Rush gradually making way back as Kansas stops Arizona in OT

LAWRENCE, Kan. (AP) -- Brandon Rush sneaked along the baseline behind Arizona's defense, sprang off both legs and threw down an alley-oop, sending the crowd to its feet and vibrations across the floor.

Now the reverberations may be felt across college basketball: Rush is back and Kansas could be better than ever.

Rush scored five of his 17 points in overtime, including two dunks on his surgically-repaired knee, helping the fourth-ranked Jayhawks pull out a tough 76-72 victory over Arizona on Sunday night.

"It felt pretty good to get out there and just play," Rush said. "I've been looking forward to playing an entire game. I feel fine."

Rush expected to be playing in the NBA this season, but a torn ACL during a pickup game over the summer changed his plans.

After being eased back into the lineup his first two games back, the junior guard was much more of a factor against the Wildcats, driving hard to the basket, and bouncing up quickly after hitting the floor hard a couple of times.

After barely missing a miracle shot at the end of regulation, Rush scored on a breakaway dunk to put Kansas up 73-65 in overtime, then burst along the baseline to seal the Jayhawks' hard-fought win.

Darrell Arthur had 20 points and Mario Chalmers added 14 for Kansas (5-0), off to its best start since winning its first 14 games in 2004-05. And it could get better now that Rush is close to full strength again.

"It just makes the whole team play better, seeing him out there," Arthur said. "When we see him play hard, everybody's going to play hard."

Arizona (3-2) rallied from an early deficit and kept it close to the end, thanks to Chase Budinger and Jerryd Bayless. Budinger hit six 3-pointers and had 27 points to help the Wildcats come back from an 11-point deficit, and Bayless hit some key shots down the stretch to finish with 19.

What hurt the Wildcats was turnovers.

Playing its fifth straight game under coach Kevin O'Neill while Hall of Famer Lute Olson is on a leave of absence for personal reasons, Arizona turned it over 25 times, including seven by Bayless. Somehow, the Wildcats still had a chance to win.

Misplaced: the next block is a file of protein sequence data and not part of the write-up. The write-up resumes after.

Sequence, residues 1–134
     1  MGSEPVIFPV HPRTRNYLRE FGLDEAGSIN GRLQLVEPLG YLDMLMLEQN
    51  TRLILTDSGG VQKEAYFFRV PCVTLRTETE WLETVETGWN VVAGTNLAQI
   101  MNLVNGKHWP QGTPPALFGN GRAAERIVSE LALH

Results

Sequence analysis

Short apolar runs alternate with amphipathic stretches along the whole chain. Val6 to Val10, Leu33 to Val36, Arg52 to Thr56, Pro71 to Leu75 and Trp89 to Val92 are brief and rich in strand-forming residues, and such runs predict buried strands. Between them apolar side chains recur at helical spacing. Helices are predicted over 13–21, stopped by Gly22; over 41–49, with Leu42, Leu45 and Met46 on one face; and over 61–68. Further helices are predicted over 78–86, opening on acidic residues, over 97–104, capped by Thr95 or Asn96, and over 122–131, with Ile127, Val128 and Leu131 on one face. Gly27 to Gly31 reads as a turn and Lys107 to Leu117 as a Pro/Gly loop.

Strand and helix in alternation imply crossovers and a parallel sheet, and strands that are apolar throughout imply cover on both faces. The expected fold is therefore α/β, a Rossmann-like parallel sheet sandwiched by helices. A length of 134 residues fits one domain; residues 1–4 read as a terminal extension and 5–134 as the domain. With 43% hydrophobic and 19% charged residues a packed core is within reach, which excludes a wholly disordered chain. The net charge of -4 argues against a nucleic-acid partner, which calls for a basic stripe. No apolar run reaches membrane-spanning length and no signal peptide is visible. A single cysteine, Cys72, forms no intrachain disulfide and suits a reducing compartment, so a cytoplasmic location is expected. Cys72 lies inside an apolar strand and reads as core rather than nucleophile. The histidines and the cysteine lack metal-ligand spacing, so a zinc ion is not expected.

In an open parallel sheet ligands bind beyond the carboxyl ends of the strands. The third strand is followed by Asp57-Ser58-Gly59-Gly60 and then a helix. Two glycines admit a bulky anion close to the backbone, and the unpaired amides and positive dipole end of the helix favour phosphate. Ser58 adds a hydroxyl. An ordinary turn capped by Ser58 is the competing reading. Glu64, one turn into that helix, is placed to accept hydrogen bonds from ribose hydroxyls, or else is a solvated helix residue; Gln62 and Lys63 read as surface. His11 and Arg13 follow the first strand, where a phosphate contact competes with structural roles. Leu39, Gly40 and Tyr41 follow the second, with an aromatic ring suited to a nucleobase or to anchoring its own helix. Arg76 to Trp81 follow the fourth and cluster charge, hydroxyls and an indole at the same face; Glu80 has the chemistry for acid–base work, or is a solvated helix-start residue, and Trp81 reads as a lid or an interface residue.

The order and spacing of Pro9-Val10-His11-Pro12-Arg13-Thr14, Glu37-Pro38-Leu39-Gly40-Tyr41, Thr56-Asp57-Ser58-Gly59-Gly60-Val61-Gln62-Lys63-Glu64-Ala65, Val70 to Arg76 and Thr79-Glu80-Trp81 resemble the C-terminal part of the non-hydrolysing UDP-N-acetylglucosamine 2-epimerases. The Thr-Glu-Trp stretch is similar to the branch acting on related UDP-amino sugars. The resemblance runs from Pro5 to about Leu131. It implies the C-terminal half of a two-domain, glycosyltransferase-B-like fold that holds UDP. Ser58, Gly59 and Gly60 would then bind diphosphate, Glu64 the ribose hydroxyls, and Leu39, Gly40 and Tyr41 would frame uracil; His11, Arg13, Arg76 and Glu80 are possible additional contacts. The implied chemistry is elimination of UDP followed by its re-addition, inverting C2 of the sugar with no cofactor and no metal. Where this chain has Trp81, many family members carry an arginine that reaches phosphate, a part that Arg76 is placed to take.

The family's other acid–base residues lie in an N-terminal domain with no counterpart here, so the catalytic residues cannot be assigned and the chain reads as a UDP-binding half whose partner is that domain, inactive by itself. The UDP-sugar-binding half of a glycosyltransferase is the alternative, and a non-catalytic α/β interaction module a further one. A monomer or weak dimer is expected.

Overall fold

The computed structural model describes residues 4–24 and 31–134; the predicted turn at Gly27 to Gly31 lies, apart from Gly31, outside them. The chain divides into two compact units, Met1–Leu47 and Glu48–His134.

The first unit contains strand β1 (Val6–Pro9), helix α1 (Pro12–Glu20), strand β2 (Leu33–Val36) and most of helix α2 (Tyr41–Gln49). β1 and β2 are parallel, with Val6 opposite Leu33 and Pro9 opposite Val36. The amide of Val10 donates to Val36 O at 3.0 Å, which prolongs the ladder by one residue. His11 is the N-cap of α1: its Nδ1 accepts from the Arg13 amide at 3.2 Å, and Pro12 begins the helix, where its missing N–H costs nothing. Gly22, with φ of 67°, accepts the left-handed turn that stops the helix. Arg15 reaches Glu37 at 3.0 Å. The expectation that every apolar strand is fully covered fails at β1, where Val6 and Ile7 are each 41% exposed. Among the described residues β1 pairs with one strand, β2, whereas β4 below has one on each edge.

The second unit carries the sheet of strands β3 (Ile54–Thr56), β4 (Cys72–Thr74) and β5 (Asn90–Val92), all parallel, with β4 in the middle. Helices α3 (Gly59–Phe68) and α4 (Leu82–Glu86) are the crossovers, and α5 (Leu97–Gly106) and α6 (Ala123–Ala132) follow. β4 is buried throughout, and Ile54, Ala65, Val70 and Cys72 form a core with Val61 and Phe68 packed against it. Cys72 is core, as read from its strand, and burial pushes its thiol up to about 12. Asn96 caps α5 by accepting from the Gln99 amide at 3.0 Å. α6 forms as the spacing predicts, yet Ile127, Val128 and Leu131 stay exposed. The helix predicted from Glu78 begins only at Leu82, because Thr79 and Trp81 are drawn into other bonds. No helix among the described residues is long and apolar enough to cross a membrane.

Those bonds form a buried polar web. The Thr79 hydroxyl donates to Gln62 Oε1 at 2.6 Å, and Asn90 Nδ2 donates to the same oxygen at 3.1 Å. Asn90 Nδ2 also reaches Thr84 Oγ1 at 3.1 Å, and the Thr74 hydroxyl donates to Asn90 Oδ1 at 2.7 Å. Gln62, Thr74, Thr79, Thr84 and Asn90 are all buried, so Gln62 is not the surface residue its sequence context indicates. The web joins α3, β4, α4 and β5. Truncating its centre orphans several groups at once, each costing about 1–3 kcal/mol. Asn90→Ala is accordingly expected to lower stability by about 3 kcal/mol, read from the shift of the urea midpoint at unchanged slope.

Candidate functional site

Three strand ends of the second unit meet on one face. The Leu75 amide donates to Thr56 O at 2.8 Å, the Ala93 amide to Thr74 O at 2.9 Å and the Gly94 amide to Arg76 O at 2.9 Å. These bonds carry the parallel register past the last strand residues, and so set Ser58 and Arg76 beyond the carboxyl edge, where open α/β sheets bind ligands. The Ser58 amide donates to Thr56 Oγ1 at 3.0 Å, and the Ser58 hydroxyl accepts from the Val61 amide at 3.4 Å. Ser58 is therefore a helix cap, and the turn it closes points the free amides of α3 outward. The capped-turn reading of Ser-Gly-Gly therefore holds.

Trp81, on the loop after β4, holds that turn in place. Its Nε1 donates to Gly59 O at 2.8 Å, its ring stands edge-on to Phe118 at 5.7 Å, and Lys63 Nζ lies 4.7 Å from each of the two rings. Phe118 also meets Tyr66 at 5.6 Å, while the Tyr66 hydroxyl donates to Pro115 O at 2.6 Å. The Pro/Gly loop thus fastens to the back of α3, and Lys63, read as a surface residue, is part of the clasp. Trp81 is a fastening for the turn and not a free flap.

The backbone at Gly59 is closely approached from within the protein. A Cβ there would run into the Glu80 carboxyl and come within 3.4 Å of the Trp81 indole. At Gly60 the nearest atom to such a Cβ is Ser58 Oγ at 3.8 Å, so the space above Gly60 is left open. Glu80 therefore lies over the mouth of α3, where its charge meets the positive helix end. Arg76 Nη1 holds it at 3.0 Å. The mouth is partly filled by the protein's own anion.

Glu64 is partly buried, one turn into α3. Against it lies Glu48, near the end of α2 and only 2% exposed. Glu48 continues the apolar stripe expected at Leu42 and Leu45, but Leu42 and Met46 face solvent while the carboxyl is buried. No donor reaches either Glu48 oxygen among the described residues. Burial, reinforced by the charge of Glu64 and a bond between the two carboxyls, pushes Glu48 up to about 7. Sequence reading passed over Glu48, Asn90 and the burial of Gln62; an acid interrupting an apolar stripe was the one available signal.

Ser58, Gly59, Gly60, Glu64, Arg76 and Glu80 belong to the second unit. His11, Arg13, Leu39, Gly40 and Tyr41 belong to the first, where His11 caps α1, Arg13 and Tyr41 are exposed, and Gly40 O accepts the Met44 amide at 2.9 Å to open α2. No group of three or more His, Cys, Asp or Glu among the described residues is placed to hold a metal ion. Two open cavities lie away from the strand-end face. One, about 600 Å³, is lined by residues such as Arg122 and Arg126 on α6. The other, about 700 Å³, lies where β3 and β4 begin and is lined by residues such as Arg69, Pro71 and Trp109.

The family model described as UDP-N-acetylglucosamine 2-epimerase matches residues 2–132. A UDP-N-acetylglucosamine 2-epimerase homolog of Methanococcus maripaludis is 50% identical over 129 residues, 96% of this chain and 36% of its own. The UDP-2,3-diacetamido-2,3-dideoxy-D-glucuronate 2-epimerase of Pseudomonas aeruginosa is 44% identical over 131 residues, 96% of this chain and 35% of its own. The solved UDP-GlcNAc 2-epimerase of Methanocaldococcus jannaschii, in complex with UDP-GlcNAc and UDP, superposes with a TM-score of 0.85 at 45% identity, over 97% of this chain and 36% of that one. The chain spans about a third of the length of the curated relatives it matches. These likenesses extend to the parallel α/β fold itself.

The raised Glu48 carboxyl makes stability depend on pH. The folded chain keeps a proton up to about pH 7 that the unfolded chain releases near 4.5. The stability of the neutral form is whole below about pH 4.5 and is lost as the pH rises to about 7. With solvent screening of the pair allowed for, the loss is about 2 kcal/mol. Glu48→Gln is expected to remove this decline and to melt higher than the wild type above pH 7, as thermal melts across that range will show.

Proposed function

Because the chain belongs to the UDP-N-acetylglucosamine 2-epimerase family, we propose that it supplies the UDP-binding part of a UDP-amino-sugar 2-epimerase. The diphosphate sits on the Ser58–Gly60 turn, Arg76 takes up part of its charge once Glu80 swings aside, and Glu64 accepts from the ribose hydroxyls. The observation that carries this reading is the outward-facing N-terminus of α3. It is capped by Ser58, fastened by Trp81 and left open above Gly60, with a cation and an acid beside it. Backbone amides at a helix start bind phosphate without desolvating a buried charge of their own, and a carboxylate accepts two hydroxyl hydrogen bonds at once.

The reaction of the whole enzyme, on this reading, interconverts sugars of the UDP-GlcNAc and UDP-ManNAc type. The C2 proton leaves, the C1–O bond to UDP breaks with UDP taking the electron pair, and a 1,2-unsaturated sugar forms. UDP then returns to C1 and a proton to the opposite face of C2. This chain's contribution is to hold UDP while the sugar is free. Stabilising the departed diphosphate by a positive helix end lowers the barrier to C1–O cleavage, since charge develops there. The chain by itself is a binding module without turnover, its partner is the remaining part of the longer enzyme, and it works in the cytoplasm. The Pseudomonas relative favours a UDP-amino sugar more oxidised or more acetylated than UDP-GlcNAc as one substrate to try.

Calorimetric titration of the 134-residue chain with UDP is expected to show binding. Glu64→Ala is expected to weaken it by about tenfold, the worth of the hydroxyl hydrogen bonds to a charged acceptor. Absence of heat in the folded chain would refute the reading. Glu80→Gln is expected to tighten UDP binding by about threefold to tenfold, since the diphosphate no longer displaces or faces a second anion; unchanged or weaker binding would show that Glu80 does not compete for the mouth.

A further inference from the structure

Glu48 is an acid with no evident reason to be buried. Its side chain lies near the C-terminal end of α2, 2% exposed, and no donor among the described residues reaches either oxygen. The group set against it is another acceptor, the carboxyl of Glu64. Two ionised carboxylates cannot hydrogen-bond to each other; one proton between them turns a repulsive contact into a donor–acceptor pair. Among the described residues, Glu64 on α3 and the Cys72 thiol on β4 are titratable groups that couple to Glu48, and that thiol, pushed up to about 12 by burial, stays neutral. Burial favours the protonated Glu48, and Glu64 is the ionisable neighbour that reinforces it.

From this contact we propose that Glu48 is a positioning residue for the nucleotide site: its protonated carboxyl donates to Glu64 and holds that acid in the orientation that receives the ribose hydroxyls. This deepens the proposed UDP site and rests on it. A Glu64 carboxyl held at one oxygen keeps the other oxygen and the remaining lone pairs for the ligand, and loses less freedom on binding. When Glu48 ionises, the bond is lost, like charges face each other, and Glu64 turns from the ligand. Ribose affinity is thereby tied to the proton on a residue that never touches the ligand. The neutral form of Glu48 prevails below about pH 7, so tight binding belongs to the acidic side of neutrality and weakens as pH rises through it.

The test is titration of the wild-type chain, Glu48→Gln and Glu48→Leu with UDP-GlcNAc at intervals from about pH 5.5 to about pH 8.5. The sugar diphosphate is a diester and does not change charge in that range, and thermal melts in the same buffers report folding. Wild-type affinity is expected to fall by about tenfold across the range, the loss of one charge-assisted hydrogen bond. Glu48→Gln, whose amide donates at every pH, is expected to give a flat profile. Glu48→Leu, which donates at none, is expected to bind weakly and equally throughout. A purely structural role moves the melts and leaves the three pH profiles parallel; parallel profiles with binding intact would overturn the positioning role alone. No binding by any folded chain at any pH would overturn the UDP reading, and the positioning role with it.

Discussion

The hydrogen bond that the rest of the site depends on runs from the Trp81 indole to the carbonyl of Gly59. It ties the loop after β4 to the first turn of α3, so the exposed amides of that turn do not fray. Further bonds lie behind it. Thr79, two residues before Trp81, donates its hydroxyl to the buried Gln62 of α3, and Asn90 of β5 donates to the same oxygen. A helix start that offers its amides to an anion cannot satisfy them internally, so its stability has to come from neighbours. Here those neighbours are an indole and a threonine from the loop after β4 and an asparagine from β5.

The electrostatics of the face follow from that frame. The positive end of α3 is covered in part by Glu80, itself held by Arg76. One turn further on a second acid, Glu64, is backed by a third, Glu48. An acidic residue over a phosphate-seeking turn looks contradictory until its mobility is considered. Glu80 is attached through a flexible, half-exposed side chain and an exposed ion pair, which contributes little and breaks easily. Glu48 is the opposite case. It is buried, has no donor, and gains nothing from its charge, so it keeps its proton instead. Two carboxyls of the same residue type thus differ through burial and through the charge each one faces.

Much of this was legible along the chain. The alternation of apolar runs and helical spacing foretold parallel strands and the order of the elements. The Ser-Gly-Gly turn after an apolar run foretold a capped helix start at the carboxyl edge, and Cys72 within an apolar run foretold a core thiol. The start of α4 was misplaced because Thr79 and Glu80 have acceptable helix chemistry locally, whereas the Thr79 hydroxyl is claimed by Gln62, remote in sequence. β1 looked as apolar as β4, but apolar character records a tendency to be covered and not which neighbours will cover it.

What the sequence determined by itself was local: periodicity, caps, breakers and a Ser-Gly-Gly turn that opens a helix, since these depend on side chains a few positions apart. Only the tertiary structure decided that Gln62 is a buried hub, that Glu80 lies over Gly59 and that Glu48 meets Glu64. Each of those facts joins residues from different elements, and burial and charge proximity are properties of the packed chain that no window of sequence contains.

"A lot of people doubt this team, but I think tonight's performance shows that we can play with anybody in the country," Budinger said. "As you can see, our team has been getting better each game and we are continuing to improve."

So is Rush. He began the game on the bench for the third straight time, entering 4 minutes in and quickly hitting a 3-pointer on his first shot attempt. He followed with a hard-driving layup 18 seconds later, finishing the first half with 10 points in 15 minutes.

Rush started the second half and played 36 minutes -- eight more than his first two games combined -- hitting six of 12 shots.

"I know one thing, he's getting the day off tomorrow," Kansas coach Bill Self said.

Neither team led by more than four in a back-and-forth second half, setting up the type of finish everyone expected between two powerhouse programs.

Budinger put Arizona up 62-60 with a pullup jumper along the baseline with 86 seconds left, then Mario Chalmers hit two free throws to tie it with 27 seconds left, giving Arizona a chance for the final shot.

The Wildcats worked the clock down as Budinger tried to free himself for the winning shot, but Bret Brielmaier intercepted the pass and his jumper from the wing fell short.

"He had an open look, but he wouldn't be my choice to take the last shot," O'Neill said with a smile. "I love him to death."

That gave Rush a final chance. He gathered in the rebound and let fly from just beyond midcourt, banking a shot off the backboard that brought the crowd to its feet. The ball nearly went in the first time, then hung on the rim for a tantalizing second before dropping away while the crowd groaned.

"I thought it was in," Rush said.

Kansas seemed ready for a rout early in its first big test of the season, hitting 11 of its first 20 shots and forcing 11 turnovers to go up 20-9. But the Jayhawks started throwing the ball away, causing Self to pound the scorer's table, and missing from the outside.

Kansas shot 50 percent for the game, scoring all but 14 of its points from the lane or the free-throw line.

"We don't play smart," Self said. "We had a chance to crack the game open and had about six straight terrible offensive and defensive possessions consecutively. We played stubborn, which is very frustrating."